This map requires WebGL
Please update your web browser or enable WebGL to view the map.Troubleshooting Info
The #1 Camping App
Enter your phone number to get the app.
Stayed here for a couple of days while traveling to Colorado with friends. The caverns where very interesting as well as the trails around the campground. You could see alabaster everywhere, beautifully exposed. The area appears to be a Dark Sky Area with little artificial light, so the night sky was brilliant!
The campground hosts were very friendly and informative. I would stop here again if my route takes me that way.
You can’t camp at the actual Salt Plains. We spent the day here and had such an awesome time. I took kids ages 3-12 and they all had a blast. Make sure to bring metal shovels and metal hand shovels bc the plastic ones will break, you will want sand buckets, egg cartons to put the crystals in bc when they come out they are still soft and brittle, sunscreen, lots of water, towels, baby wipes, a umbrella if you have one (we didn’t need it but a lot of people prefer them). I can’t stand sand/salt on me (think nails on a chalk board feeling) so I needed to shower pronto afterwards and couldn’t so lots of water to rinse off with is a good thing to have. You will have sand and salt all over your car inside and out FYI lol.
The camping at Great Salt Plains State park is a fine place to park the camper and stay, but most of the adventure is elsewhere in the park/refuge. You'll need to drive to get to almost everything.
We stayed at the Sandy Beach Campground. This review is for that campground. If I had to do it again (I will) I would stay at the River Road Campground. It's much more shaded, more isolated and along the river. Not to mention the awesome Cliff Swallow flights from under the river bridge!
The campsite is clean and simple. The sites on the western edge have more shade than the rest, the sites in the center of the loop can feel strangely exposed with little in the way of natural boundaries between sites.
Noise level: Look… this is a OK stake park lake site. Yes it's attached to a national refuge. Yes there are awesome things to see and do. But it's still a lakeside park. So, expect lots of huge 5th wheels with big outdoor speakers. In the summer I would guess there will be at least one camper who wants to share his music with you. It's a shame… but it's true. There is also a fighter training base adjacent to the park run by the Air Force. It's not as obnoxious as bubba's music, but just know it's there. And most of the time they just fly during the day.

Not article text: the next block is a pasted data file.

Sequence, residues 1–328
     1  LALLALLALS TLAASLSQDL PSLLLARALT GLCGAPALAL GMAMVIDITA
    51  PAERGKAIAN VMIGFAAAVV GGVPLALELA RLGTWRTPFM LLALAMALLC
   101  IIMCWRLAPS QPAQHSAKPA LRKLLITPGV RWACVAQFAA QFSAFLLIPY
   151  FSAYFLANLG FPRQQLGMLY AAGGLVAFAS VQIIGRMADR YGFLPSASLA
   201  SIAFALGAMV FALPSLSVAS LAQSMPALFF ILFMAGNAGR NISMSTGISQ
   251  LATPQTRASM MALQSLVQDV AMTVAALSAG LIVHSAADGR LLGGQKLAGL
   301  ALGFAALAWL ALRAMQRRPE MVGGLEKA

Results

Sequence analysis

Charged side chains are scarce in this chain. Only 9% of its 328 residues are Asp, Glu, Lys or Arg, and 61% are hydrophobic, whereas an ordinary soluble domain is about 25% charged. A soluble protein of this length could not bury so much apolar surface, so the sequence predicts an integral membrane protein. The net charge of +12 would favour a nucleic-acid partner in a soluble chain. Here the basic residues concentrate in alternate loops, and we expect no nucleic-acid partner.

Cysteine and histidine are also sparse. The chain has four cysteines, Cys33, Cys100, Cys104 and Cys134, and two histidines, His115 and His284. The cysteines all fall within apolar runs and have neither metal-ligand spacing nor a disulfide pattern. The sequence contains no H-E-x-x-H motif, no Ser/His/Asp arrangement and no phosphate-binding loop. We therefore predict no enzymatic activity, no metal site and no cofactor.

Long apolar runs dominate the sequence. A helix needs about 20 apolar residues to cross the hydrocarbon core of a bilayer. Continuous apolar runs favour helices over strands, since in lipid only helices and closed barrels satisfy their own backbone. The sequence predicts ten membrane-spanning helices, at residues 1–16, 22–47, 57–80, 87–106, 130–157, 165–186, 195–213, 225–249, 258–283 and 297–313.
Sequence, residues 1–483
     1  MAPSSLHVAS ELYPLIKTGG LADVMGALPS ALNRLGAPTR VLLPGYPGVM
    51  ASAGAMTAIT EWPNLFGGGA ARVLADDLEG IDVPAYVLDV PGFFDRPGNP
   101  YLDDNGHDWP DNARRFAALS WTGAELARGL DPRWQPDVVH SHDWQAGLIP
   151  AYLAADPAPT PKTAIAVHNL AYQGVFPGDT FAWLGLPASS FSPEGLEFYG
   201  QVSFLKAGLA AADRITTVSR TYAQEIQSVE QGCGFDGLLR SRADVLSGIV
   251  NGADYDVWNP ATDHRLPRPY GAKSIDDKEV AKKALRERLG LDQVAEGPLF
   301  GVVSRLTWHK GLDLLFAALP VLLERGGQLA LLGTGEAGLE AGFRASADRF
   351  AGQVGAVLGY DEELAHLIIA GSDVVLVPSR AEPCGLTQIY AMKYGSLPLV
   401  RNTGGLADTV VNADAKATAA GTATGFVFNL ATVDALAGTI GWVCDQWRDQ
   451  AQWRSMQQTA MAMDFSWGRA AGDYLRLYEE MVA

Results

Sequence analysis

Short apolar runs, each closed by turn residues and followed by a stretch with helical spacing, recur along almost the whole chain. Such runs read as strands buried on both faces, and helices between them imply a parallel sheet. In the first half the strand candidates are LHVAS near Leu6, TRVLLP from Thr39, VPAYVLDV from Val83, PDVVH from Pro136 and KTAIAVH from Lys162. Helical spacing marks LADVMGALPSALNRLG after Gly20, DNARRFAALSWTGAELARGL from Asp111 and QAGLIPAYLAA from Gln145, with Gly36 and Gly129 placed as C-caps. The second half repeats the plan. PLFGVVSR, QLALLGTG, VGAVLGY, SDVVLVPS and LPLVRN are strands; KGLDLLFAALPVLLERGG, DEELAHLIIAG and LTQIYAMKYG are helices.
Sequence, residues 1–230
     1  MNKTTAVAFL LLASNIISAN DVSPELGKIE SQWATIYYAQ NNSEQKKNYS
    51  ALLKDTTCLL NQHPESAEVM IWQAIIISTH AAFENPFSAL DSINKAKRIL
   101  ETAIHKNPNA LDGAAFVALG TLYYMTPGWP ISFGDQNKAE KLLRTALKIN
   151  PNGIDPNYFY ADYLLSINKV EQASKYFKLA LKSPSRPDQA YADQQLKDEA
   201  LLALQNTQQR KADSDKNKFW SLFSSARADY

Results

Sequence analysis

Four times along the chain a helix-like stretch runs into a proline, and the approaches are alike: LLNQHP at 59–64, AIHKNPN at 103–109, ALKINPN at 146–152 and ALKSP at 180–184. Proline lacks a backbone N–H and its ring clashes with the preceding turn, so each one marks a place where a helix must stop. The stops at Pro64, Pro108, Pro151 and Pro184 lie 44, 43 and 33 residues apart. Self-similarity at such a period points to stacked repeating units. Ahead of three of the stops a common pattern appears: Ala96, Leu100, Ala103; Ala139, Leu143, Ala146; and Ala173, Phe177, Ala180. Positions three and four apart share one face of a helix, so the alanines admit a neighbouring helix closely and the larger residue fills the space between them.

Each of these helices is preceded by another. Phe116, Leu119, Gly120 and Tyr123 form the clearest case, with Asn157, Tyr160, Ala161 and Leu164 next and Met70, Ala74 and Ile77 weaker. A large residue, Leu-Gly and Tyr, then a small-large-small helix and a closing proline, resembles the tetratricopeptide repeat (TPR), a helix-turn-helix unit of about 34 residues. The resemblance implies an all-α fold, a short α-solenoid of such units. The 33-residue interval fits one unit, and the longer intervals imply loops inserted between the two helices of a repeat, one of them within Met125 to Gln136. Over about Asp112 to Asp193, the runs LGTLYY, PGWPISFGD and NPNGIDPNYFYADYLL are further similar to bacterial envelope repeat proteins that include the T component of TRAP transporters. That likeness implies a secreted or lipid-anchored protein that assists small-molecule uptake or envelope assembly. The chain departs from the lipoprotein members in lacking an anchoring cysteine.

You can walk to the lake and the swimming area near the dam. It's a day use area, so there's some folks that like to leave some trash, but you know… pick it up for them and carry on.
Now… when you leave there and head into the national refuge, that's where things get great. What a beautiful, unexpected landscape. The north side of the refuge has great hiking trails that are full of wildlife. The southwest side of course has the crystal digging area. It's really a great place to spend a weekend. Word to the wise, in the fairer months, get on and off the salt plains early to avoid the heat and the day trippers.
Overall, this is a serviceable campsite that can serve for a great launching point for exploring/hiking/birding in the refuge. The wildlife present is outstanding.
FYI… no, you can't fly your drone here. There is a national refuge, a state park and an Air Force base. It took me a long time to arrange all the clearances required, but my flight was legal.
We visited Roman Nose in July of 2020 (my latest of several trips there since my youth). My boys loved it and enjoyed the hiking, fishing, and swimming. Our morning hike concluded around lunch and the shade-covered natural springs were a great way to beat the afternoon heat.
Lots of other activities available include putt putt, paddle boats, swimming pool, golf course, and the great restaurant Foggy Bottom Kitchen.
The park itself was a letdown. It was not kept up very well and if you have a taller unit you need to pay attention to low branches. With the Covid still hot here we elected to not do the tour. We did ask, where would be a good spot to watch the bats at dusk? It was a great experience and made everything worth while.
This is a beautiful area with plenty to offer. The golf course is challenging and my 11 year old was free. The signage getting to the park was great but within the park not so much. Know where your going before hand if you can. Be careful of low hanging branches if you have a taller RV.
We camped here for a weekend. There was no fire pits for the rv sites. The sites were super close together. The bathrooms were really clean but the showers were a little gross and there was no hot water for them. The main reason we came were for the caverns and despite there being a sign and information online that the cavern would be open, they were still closed because of the Rona.
Despite that, the staff was nice and the trails were beautiful. Just didn’t get to see the caves.
Or have a fire….
This park is nestled in the red rock hills of close north central Oklahoma with its curved and tree-filled landscape hiding awaiting adventures and treasures to be discovered! The landscape’s curves, twists and turns produce moments of discovery including natural springs abundant with icy cold, clear water flowing from rocky walls and gurgling streams as one winds through pathways of wild wooded areas.
Options for all levels of outdoor-lovers include the lodge, with hotel-type accommodations, restaurant and outdoor seating area to the more adventurous Tipis for those who want to experience a more “close encounter” with nature!
Certainly something for everyone including the good sized lake with recreation for the whole family!